Dam Building Slows in Southeast Asia: Construction Faces Opposition Over Social, Environmental and Geopolitical Factors

Jake Maxwell Watts
Sunday, February 23, 2014

Originally published in The Wall Street Journal 

Hydropower dams in parts of Southeast Asia are being canceled or suspended as governments face stronger opposition, forcing them to take greater responsibility for environmental and social impact or look to other sources of energy.

The resistance, in a region where vast hydropower potential remains untapped, occurs as energy demand is skyrocketing. With dams facing opposition over social, environmental and geopolitical factors, the days of indiscriminate building may be coming to an end, requiring countries to reconsider energy security and energy sharing in Southeast Asia.

A boat powers down the Irrawaddy River in Burma, which would have been affected by the Myitsone Dam.
A boat powers down the Irrawaddy River in Burma, which would have been affected by the Myitsone Dam.
Pianporn Deetes

In Vietnam, the government shelved plans for more than 420 small hydropower dams in October after a public outcry over safety. The backlash followed the deaths of dozens of people after operators felt no choice but to release water from reservoirs overwhelmed by heavy rains. Cambodia, too, is facing difficult questions about proposed new dams as alleged shoddy building resulted in dam collapses.

In Laos, opponents of a $3.5 billion dam on the Mekong River say they are upset about the potential impact on migrating fish stocks and how this might affect people downstream who depend on the river for their livelihoods.

Myanmar has halted construction of a large dam at Myitsone by Chinese developers.

"Governments, dam builders and the public at large are more aware of the serious social and environmental impacts of hydropower projects," said Peter Bosshard, policy director at activist group International Rivers, which campaigns against projects it doesn't feel are environmentally or socially sound.

But some governments aren't budging on hydropower, which they claim is a healthier, green alternative to dirty energy sources, such as coal.

Southeast Asia is growing increasingly hungry for energy, with demand expected to increase by more than 80% by 2035, according to the International Energy Agency. About $1.7 trillion of additional investment will be required to meet that. The region has a lot of catching up to do with its more developed neighbors; about 22% of Southeast Asia's population has no household access to electricity and clean cooking facilities, according to the IEA.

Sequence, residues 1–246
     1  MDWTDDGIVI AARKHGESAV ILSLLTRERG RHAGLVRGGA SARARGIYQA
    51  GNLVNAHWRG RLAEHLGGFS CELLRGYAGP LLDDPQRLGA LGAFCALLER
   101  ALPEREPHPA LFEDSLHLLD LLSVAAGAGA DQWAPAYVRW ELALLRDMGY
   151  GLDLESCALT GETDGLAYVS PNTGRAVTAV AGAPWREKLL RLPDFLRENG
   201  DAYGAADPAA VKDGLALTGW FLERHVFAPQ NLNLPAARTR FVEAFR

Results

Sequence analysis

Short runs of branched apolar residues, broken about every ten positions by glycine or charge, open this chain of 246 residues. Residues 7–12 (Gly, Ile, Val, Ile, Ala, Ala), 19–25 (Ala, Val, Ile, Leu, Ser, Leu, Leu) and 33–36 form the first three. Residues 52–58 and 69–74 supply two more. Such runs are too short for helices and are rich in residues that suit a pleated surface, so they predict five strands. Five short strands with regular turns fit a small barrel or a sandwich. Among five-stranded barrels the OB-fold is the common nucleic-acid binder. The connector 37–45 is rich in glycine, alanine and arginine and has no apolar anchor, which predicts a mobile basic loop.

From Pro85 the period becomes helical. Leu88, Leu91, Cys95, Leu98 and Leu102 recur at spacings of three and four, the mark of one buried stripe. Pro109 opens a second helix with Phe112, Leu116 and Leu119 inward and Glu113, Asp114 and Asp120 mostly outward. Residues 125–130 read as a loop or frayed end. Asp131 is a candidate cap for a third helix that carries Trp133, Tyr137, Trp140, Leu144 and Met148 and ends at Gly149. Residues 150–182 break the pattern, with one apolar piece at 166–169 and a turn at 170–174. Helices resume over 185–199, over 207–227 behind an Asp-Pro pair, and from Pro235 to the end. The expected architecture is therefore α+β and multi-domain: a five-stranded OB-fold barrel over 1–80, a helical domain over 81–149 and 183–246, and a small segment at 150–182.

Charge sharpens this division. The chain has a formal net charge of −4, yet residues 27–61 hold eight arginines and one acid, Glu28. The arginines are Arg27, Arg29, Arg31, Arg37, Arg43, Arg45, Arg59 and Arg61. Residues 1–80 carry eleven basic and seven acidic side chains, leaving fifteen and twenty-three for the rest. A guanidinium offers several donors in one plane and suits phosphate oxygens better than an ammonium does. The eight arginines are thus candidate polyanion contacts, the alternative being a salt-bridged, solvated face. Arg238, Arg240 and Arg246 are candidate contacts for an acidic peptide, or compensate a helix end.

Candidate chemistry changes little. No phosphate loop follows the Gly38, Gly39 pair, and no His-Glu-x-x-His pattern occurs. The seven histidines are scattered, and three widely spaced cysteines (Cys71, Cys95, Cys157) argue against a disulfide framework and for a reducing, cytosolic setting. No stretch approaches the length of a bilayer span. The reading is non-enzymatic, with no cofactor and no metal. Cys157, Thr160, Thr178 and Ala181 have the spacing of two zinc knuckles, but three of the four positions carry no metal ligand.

Hydropower accounted for some 10% of the region's energy supply in 2011, according to the energy agency. While that proportion is likely to increase to just 11% by 2035, energy experts say that the potential for development is huge, particularly on the Mekong River, a 5,000-kilometer (3,107-mile) waterway that runs through six countries, from China to Vietnam, and supplies an estimated 60 million people with water and food. Only 10% of the estimated hydroelectric potential in the Southeast Asian part of the river is developed, according to the Mekong River Commission, a multilateral organization founded in 1995 by countries sharing the river.

Laos is one such country. In line with its ambition to be the battery of Southeast Asia, its government gave the go-ahead last year for the development of the $3.5 billion dam at Xayaburi on the Mekong River, arguing it is environmentally sustainable. The decision was opposed by Vietnam and Cambodia and condemned by environmental groups for its defiance of an international agreement to suspend work until the dam's downstream impact could be fully assessed.

For the region's poorest countries, hydropower offers an opportunity for rapid economic development and foreign investment. In the case of Laos's Xayaburi, 95% of electricity the dam generates will go to Thailand.

"Laos is implementing the Thai electricity strategy, not the Laos electricity strategy," said Marc Goichot, a Mekong expert at the environmental group WWF.

Chong Chi Nai, director of energy for the Southeast Asia department at the Asian Development Bank, which has funded dam projects in the region, says Southeast Asia's hydropower potential still offers an attractive option to environmental groups.

"When developed in an environmentally and socially sustainable manner, [hydropower] will help to reduce the dependence on fossil fuels for power generation," Mr. Chong said.